In this study, we investigated the genome-wide diversity and population structure of 25 Russian local sheep breeds for the first time. We identified three clusters corresponding to the wool type. We identified a main discriminating factor within the Russian coarse wool cluster i.e. tail type, with the short-thin-tailed Romanov breed clearly differentiated from the other fat-tailed or fat-rumped breeds. The combination of local Russian sheep data with a worldwide sheep SNP genotyping set provided admixture patterns that gave deeper insights into the origin of the local Russian sheep. Thus, our findings suggest shared ancestry of local fat-tailed coarse wool breeds and Southwestern Asian (Iran) sheep, which may be a consequence of nomadic migrations, including invasions and east–west trading. Although co-ancestry between the Romanov breed and the Northern short-tailed group was clearly confirmed, we also noted that this breed is genetically distinct, which may be clarified by future studies using a larger sample size, denser SNP panels or whole-genome sequencing. The computation of the most recent effective population sizes revealed a few local breeds with critically small values that constitute a warning flag for the implementation of conservation efforts (e.g. the Kuchugur breed). This study is the first step to design a more effective selection and conservation program for Russian local sheep breeds based on whole-genome SNP genotyping data. This is essential for sustainable sheep breeding at the global level and for the future prosperity of sheep breeding at the local level across Russia.

Notes

Declarations

Authors’ contributions

NAZ and GB developed the concept and designed the study. MIS collected sheep samples. TED and HR conducted the molecular genetic work. AVD, HR, MB, EK and IM processed the molecular genetic data. TED, AVD, MIS, MB, KW, GB and NAZ analyzed and discussed the data. AT assisted in data analysis. TED, AVD, MIS and NAZ wrote the manuscript. All authors read and approved the final manuscript.

Acknowledgements

We thank the staff of the laboratory of molecular bases of breeding for preparation of DNA samples used in the analyses. We would like to express our sincere gratitude to the reviewers and the editors for the attention to our paper and for valuable comments that helped us to improve the manuscript significantly.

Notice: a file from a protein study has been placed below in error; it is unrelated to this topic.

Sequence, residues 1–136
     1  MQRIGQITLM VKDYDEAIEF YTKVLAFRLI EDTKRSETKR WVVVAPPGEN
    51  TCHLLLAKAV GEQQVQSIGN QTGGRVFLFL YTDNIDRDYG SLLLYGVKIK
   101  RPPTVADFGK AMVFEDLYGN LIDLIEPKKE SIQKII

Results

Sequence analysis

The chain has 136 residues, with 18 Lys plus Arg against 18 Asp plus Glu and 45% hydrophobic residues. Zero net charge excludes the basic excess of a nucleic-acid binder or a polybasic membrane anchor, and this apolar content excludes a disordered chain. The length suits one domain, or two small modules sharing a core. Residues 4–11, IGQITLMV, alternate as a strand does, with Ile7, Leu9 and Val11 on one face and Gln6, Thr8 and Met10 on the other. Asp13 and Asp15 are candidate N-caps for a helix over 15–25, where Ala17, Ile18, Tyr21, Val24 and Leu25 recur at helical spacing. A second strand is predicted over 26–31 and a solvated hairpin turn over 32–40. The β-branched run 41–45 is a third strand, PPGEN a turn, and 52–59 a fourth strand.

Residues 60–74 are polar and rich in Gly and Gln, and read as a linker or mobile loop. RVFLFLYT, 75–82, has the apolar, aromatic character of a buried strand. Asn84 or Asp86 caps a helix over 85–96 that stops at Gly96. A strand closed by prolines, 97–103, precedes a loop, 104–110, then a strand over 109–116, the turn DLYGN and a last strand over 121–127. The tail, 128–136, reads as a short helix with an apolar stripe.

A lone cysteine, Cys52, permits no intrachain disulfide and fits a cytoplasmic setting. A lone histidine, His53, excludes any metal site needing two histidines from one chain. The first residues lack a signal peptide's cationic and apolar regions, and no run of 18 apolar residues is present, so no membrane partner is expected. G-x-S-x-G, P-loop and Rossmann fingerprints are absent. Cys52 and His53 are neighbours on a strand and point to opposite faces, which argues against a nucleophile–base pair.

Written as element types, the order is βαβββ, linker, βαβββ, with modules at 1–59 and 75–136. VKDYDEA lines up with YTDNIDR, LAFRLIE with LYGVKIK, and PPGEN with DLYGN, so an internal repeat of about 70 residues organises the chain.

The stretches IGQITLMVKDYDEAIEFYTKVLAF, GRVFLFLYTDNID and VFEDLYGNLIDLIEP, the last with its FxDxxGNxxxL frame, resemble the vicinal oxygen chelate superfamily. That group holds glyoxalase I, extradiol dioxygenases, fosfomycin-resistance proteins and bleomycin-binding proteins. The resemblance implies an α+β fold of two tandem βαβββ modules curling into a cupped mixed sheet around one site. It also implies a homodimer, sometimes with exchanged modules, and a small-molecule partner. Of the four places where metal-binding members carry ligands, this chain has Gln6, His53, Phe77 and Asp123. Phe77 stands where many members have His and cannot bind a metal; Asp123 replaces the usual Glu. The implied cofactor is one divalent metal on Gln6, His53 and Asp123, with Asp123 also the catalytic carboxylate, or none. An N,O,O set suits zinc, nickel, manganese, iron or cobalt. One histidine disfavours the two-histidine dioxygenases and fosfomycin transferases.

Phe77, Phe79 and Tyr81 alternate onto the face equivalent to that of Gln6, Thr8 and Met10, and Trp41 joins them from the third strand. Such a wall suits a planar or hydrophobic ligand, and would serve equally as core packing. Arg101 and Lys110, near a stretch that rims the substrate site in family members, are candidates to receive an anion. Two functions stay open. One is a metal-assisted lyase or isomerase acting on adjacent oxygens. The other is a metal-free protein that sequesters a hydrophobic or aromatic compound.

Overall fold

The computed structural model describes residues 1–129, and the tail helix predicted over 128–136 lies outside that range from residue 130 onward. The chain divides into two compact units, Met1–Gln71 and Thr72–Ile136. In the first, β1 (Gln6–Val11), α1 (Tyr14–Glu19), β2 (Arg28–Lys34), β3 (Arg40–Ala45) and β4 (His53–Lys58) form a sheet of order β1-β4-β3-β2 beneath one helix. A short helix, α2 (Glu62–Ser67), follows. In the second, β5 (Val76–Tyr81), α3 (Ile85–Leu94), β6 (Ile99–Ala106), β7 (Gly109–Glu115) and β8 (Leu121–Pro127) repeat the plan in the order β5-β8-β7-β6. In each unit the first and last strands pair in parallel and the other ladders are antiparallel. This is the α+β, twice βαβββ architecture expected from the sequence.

Competing interests

The authors declare that they have no competing interests.

Availability of data and materials

The 50K genotypes of the Russian sheep breeds that were used in the current study are available from the corresponding author upon reasonable request.

Consent to participate

Not applicable

Consent for publication

Not applicable.

Ethics statement

The authors declare that animal tissue samples were collected by trained personnel under strict veterinary rules. Sampling was performed in accordance with the ethical guidelines of the L.K. Ernst Federal Science Center for Animal Husbandry.

Funding

This study was supported by the Russian Scientific Foundation (RSF) within Project No. 14-36-00039. The authors declare that the RSF financed the project and did not have any influence on the results and their interpretation. The biomaterials that were used in this study stemmed from the genetic resource collection of the L.K. Ernst Federal Science Center for Animal Husbandry, supported by the Federal Agency for Scientific Organizations.

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Authors’ Affiliations

(1)
L.K. Ernst Federal Science Center for Animal Husbandry, Dubrovitzy Estate 60, Podolia, Russia, 142132
(2)
All-Russian Research Institute of Sheep and Goat Breeding, Zootechnichesky Lane 15, Stavropol, Russia, 355017
(3)
Population Genomics Group, Department of Veterinary Sciences, LMU Munich, Veterinaerstr. 13, 80539 Munich, Germany
(4)
Institute of Genome Biology, Leibniz Institute for Farm Animal Biology (FBN), Wilhelm-Stahl-Allee 2, 18196 Dummerstorf, Germany
(5)
Istituto di Zootecnica, Università Cattolica del Sacro Cuore, Via Emilia Parmense 84, 29122 Piacenza, Italy
(6)
Institute of Animal Breeding and Genetics, University of Veterinary Medicine Vienna, Veterinaerplatz 1, 1210 Vienna, Austria